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|Right Ho, Jeeves||P. G. Wodehouse|
|Page 3 of 7||
"No, thank you."
"Spot of pie?"
"One of those glue things on toast?"
"No, thank you."
She took a cheese straw. I found a cold egg which I had overlooked. Then I said "I mean to say" just as she said "I think I know", and there was another collision.
"I beg your pardon."
"Do go on."
"No, you go on."
I waved my cold egg courteously, to indicate that she had the floor, and she started again:
"I think I know what you are trying to say. You are surprised."
"You are thinking of----"
"The very man."
"You find what I have done hard to understand."
"I don't wonder."
"And yet it is quite simple."
She took another cheese straw. She seemed to like cheese straws.
"Quite simple, really. I want to make you happy."
"Dashed decent of you."
"I am going to devote the rest of my life to making you happy."
"A very matey scheme."
"I can at least do that. But--may I be quite frank with you, Bertie?"
"Then I must tell you this. I am fond of you. I will marry you. I will do my best to make you a good wife. But my affection for you can never be the flamelike passion I felt for Augustus."
"Just the very point I was working round to. There, as you say, is the snag. Why not chuck the whole idea of hitching up with me? Wash it out altogether. I mean, if you love old Gussie----"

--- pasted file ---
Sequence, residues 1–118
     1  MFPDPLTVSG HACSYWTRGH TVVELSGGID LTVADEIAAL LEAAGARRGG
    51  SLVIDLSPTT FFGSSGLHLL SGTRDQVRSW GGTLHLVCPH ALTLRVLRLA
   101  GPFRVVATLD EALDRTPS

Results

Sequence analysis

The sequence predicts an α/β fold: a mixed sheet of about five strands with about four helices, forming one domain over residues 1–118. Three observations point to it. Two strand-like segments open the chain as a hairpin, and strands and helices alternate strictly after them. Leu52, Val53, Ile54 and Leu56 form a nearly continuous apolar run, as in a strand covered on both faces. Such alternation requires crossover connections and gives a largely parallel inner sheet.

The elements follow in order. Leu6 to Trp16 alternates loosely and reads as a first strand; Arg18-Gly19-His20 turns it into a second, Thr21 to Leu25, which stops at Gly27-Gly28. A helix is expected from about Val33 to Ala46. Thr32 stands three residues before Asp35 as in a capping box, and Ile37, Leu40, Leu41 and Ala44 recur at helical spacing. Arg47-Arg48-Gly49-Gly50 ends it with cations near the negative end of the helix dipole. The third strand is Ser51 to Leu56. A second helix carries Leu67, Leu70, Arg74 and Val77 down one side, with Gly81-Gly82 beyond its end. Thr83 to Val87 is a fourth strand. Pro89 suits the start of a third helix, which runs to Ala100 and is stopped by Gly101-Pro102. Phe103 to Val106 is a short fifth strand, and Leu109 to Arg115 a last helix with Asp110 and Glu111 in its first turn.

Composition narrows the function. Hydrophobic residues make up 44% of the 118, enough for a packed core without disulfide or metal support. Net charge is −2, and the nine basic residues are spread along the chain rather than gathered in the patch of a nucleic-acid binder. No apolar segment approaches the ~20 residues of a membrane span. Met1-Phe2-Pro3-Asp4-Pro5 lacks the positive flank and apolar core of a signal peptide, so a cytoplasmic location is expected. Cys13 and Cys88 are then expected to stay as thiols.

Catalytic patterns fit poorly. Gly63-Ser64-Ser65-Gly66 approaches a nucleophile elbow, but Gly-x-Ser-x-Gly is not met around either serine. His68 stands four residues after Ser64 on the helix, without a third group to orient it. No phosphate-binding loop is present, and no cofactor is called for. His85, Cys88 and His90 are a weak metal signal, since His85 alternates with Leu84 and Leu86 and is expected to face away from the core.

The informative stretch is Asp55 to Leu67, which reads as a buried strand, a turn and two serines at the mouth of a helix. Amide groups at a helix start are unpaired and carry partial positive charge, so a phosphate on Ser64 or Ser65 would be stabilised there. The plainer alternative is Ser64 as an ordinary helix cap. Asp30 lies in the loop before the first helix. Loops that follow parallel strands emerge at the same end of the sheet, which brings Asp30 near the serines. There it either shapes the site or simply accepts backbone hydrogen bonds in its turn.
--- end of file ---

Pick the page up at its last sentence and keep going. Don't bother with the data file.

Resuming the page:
"No. What happened this afternoon has killed my love. A smear of ugliness has been drawn across a thing of beauty, and I can never feel towards him as I did."
I saw what she meant, of course. Gussie had bunged his heart at her feet; she had picked it up, and, almost immediately after doing so, had discovered that he had been stewed to the eyebrows all the time. The shock must have been severe. No girl likes to feel that a chap has got to be thoroughly plastered before he can ask her to marry him. It wounds the pride.
Nevertheless, I persevered.
"But have you considered," I said, "that you may have got a wrong line on Gussie's performance this afternoon? Admitted that all the evidence points to a more sinister theory, what price him simply having got a touch of the sun? Chaps do get touches of the sun, you know, especially when the weather's hot."
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|Right Ho, Jeeves
P. G. Wodehouse
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